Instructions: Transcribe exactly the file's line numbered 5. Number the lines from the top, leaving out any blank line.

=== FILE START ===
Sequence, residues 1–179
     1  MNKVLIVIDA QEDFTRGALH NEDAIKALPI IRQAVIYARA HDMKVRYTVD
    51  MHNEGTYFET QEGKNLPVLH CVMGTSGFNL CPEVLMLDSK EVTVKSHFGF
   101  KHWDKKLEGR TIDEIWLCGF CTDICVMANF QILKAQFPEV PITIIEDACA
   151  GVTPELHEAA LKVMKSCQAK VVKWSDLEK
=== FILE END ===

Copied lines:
   151  GVTPELHEAA LKVMKSCQAK VVKWSDLEK